In episode 4, Chuck talks about the trains, buses, and bikes meant for the masses. He doesn’t own a car any more, so these are the things he relies on to get around—these and the kindness of strangers (and not the bikes). He’s used public transportation all across these United States and in Canada and Spain. Listen in to learn how we can all get along and how to not piss off Chuck while you avail yourselves of these convenient conveyances.
In episode 3, Chuck sits down with his friend Mary Catherine (Britty) Pastoret. We talk about Masterpiece (formerly known as Masterpiece Theatre) on PBS. From Upstairs, Downstairs to Downton Abbey, we talk about why we love (well, really why Britty loves) these shows. And, hey, it doesn’t matter if you’re rich or poor; that’s one of the great things about PBS. If you have nothing better to do on Sunday nights, then give these shows a go. Just because Chuck doesn’t usually watch them—that doesn’t mean you can’t.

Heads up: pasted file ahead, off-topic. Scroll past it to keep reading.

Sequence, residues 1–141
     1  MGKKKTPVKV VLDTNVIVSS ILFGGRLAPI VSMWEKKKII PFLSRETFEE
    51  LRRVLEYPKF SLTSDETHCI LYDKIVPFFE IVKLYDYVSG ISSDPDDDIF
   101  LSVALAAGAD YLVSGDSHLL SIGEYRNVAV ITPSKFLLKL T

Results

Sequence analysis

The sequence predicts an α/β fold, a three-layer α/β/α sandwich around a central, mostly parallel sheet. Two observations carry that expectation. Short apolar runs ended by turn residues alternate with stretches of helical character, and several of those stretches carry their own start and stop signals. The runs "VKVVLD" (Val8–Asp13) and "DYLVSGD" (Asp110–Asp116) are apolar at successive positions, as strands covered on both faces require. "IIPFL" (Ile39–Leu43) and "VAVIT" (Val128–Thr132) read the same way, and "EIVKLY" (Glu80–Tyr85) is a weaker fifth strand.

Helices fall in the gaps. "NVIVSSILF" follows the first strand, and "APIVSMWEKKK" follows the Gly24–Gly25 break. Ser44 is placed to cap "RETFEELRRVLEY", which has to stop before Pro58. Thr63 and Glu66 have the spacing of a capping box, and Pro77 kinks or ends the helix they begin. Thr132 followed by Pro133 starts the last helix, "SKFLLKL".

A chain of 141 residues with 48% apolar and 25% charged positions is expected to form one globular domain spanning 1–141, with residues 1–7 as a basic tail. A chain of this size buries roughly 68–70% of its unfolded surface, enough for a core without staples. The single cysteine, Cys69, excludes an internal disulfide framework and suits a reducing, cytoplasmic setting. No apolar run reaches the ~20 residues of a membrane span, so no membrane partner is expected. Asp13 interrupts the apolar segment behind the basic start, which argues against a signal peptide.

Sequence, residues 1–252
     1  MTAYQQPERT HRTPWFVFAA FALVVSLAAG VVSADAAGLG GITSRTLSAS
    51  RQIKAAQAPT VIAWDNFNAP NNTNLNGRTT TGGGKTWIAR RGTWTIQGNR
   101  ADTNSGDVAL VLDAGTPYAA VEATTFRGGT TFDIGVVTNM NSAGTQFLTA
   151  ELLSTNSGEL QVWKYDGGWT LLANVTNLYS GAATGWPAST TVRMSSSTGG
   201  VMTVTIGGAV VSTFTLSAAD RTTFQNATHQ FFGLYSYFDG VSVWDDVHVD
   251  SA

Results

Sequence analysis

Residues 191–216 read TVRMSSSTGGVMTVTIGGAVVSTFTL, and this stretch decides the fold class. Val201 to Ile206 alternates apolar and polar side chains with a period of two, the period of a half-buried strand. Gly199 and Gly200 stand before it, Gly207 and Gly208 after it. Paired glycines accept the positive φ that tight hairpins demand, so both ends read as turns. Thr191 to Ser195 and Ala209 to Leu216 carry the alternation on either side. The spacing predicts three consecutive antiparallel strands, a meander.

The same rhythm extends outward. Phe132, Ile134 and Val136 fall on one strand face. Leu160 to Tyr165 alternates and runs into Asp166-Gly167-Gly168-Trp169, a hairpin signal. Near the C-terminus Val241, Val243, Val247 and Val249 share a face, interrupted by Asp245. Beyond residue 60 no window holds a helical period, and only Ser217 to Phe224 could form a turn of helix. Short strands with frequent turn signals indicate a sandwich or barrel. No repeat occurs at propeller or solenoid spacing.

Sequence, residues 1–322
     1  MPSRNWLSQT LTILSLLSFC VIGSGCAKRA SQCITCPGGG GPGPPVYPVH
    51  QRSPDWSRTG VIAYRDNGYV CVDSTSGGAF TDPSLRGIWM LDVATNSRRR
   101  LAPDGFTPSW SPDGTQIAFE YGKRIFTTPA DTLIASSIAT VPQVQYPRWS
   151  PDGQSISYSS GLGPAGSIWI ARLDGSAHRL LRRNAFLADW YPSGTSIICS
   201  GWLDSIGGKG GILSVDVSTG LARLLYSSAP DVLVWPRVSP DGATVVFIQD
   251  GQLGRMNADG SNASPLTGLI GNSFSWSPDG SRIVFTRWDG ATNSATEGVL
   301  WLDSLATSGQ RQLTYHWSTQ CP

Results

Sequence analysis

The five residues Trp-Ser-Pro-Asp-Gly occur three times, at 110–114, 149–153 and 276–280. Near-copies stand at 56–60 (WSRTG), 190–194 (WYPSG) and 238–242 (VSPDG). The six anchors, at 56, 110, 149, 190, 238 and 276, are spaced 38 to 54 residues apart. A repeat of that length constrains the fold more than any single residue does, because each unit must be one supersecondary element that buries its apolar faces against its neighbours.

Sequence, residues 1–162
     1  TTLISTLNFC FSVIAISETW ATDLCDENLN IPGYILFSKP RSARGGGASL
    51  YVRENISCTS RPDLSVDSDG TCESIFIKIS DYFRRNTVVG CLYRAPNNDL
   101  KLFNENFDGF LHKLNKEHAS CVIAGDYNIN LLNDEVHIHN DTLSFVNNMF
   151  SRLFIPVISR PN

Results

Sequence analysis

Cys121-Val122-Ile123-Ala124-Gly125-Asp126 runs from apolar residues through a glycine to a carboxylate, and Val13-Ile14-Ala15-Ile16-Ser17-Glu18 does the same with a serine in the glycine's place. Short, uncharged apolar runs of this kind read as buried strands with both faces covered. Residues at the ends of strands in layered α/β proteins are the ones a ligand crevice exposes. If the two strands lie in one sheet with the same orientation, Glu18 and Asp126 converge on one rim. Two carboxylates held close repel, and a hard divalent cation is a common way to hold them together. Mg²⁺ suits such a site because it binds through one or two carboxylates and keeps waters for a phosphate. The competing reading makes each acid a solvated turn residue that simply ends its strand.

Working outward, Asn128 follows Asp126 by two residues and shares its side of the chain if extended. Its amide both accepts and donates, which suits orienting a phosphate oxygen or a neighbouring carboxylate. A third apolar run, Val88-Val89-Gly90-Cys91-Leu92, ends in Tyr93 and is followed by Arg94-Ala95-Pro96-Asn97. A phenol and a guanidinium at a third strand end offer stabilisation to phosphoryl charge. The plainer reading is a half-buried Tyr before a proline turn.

In episode 2, I, your host, Chuck Schlaudraff, sit down alone to share some thoughts about the eleven podcasts I listen to on a regular basis. Well ok, this episode is not really all that funny I suppose. But if in the mid-sixties, people endured a season of My Mother the Car, then you can make it through this episode. This gives you some insight into those podcasts that have informed me, inspired me, and have brought me many hours of entertainment. Surely you’ve heard of some of these; and if you haven’t, I think you would enjoy them. And sorry for calling you Shirley (unless that is your name).
In the very first episode, I, your host, Chuck Schlaudraff, sit down with my very first guest, Scott Glennon (my brother). We talk about this great city we love—Chicago. It’s the great city we live in, the great city we work in, and the great city that is home to the Hungry for Laughs! studio. Yes, there was Al Capone! Yes, there was a great fire, and there is still the occasional fire. There’s great food, architecture, museums, sports, and a lake! So much great stuff here in the big city, we couldn’t possibly get to it all.